MAXWELL AIR FORCE BASE, Ala. — The inaugural class of Air Force Junior ROTC cadets participating in the Chief of Staff of the Air Force Flight Academy Scholarship program this summer are off and flying, many already hitting their solo milestone.
While Air Force Junior ROTC’s primary mission is to develop citizens of character, these 120 high school students will also earn their private pilot’s license and up to 12 college credits. For many students, this program has highlighted a career pathway that may have otherwise been unthinkable.
Cadet Ruth Robey, Hixson High School, Hixson, Tennessee, had other interests and applied to the Flight Academy on a whim based on a recommendation from her Junior ROTC instructor.
“I didn’t expect to get (the scholarship) seeing that I had no prior experience with flying,” she said. “I have wanted to be a mechanic for the last couple of years, but since this opportunity came about I’ve been wondering myself about the road after this. I will most likely pursue a field in aviation, whether a pilot or a mechanic.”
Robey, who is attending Flight Academy partner Liberty University in Virginia, said the course has been challenging so far, but through the support of her classmates she’s making it through.
“I take a deep breath and look all around me” she said. “Most everyone else here is going through the same thing of not knowing anything and it’s definitely a hard course.”
Her solo flight gave her a bit more confidence for getting through the program, and concerns about maintaining focus wasn’t as difficult as she had thought.
“It’s what you want to focus on,” Robey said. “The whole time here had been leading up to that moment, so it’s natural almost to only focus on flying.”
Cadet James Huang, North Gwinnett High School, Suwanee, Georgia, said he had not considered being a pilot as a career.
“Being a pilot was never a goal of mine until I was introduced to the program.” He said. “Now I don’t think I could see myself doing anything else.”
Huang, who is taking the program at Auburn University, said living on the college campus put him at ease with the flying curriculum, but when the instruction gets tough he’s got his methods for dealing with the stress.
“I shut off the phone, the music and hunker down into my notes and focus all my concentration on them,” Huang said. “If that doesn’t work I go for a run or a swim to clear my head and then return to my studies.”
His prep work and concentration on his studies paid off on the day of his solo.
“When I first started taking off I was terrified,” Huang said. “My feet were no longer on the ground and the wind was blowing the plane every which way. After the initial shock of it though, I felt calm as I was able to start focusing on the mechanical aspects of flying. Then it becomes fun, like a roller coaster.”
Also attending Liberty University’s program is Cadet AbdulMalik Ariyo, Lovejoy High School, Hampton, Georgia, whose love of flying came about in an unusual way.
Ariyo’s interest in becoming a pilot began at an early age when he and his family lived in Nigeria, and his father worked for Delta. He wanted to do what his father did, and he remembers his father sharing stories about flying. As he got older he realized that although his father wasn’t actually a pilot, the interest in flying was already there.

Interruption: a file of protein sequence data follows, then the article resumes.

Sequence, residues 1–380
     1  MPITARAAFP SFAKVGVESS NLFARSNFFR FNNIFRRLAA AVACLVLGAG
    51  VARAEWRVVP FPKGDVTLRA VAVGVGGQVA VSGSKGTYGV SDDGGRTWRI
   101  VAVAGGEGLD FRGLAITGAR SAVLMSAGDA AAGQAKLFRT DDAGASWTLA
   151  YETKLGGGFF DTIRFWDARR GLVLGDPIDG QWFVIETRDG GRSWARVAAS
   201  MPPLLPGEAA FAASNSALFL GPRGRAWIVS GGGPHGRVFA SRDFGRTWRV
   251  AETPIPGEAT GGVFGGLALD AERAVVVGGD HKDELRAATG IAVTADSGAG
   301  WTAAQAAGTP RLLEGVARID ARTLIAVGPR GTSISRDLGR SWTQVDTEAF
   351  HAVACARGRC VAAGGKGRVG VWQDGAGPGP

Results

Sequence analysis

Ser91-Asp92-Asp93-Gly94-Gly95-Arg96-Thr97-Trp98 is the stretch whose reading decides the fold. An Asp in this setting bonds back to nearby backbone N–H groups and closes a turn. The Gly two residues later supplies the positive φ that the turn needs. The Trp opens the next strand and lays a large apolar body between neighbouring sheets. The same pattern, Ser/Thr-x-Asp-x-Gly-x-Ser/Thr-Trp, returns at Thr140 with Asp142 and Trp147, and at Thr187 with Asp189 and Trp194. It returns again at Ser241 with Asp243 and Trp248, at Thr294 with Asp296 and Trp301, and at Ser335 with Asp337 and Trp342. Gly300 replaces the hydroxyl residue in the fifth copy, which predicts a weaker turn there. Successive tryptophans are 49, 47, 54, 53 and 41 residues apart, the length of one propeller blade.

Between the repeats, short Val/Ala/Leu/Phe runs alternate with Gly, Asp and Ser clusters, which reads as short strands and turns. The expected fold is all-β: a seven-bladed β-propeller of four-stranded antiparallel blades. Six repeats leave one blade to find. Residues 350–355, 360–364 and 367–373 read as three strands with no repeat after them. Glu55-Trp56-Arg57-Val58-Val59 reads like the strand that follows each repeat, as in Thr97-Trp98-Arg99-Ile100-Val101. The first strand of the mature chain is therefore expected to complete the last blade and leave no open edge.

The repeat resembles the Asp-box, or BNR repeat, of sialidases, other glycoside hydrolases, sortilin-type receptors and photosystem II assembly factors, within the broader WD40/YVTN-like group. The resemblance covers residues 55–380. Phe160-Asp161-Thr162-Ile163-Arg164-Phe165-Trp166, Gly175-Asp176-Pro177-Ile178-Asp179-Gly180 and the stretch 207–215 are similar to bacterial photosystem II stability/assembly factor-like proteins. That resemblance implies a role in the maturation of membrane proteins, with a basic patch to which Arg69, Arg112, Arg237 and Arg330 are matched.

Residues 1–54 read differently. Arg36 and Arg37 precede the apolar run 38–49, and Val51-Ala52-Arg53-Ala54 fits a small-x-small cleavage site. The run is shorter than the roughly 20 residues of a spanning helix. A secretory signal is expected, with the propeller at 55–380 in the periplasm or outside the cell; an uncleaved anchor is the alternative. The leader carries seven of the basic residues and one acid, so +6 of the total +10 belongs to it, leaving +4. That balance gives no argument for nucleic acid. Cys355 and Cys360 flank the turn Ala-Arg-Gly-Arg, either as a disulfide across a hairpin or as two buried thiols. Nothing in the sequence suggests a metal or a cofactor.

As far as getting through the challenging requirements of the program, Ariyo said your mindset is everything.
“Take every day preciously and look toward your end goal: Graduation.”
Although program completion is the short-term win for the students, everyone acknowledges the nation as a whole will reap the long-term gain.
“These students will be impacting and leading the aviation community for the next 40 or 50 years,” said Col. Paul Lips, director of Air Force Junior ROTC. “I can’t begin to say how proud I am of these young men and women and what they are accomplishing. When we’ve talked with the instructors at the universities, I hear nothing but rave reviews about how exceptionally well they are performing. They are exceeding standards in the classroom, on the flightline, in the cockpits, but most importantly they are cadets of character representing both their families at home and Air Force JROTC.”
Air Force Junior ROTC’s Flight Academy supports the Air Force Aircrew Crisis Task Force. One of the tasks of the ACTF is leveraging Air Force Junior ROTC’s 120,000 students, Civil Air Patrol and general civil aviation to bring back the excitement of aviation to high school students and increase diversity in aviation fields. The Chief of Staff of the Air Force Flight Academy scholarship program allows selected Air Force Junior ROTC cadets to attend an accredited aviation program at one of six partnering universities to get a private pilot license.
The flight academy program is designed to grow over the coming years. This year, Air Force Junior ROTC awarded 120 cadet scholarships, and if financing continues, potentially increasing to 250 next year and 500 the year after. There are also plans to open the program to Army, Navy, and Marine Junior ROTC programs as well as Civil Air Patrol cadets by 2020.
The application process for the Summer 2019 program will begin in late August or early September. For more information on the Chief of Staff of the Air Force Flight Academy Scholarship program or becoming an Air Force Junior ROTC instructor after retirement, visit http://www.airuniversity.af.mil/Holm-Center/AFJROTC/